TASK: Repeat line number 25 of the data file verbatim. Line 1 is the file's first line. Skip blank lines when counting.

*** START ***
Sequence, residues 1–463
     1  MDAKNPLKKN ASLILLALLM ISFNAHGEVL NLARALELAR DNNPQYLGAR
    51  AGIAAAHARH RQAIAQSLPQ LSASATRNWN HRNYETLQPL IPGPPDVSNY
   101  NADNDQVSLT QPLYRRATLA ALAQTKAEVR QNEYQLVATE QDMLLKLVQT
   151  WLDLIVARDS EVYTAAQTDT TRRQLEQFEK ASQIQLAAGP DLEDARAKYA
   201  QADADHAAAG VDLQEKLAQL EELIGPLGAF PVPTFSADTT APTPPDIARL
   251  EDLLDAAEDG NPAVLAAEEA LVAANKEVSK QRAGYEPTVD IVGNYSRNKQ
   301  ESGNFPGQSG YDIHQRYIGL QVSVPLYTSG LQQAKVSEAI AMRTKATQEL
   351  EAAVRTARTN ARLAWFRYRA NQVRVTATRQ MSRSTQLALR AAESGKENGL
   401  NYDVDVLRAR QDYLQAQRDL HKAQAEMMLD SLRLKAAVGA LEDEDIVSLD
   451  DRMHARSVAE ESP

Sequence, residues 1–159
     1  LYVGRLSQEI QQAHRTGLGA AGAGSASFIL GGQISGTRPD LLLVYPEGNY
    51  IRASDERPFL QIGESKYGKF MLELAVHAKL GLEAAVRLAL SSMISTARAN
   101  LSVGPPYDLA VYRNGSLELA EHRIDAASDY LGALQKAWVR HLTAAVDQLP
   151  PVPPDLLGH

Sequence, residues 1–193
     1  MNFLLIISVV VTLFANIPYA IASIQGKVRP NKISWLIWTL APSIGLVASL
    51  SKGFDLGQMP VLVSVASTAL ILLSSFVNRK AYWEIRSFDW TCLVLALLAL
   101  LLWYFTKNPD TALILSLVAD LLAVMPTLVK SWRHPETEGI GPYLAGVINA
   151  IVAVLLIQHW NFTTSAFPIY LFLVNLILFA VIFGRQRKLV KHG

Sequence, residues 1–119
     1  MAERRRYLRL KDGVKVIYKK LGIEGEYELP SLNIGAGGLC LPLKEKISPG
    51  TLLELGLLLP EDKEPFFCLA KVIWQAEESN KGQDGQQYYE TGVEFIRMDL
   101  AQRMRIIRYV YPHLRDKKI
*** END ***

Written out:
   101  AQRMRIIRYV YPHLRDKKI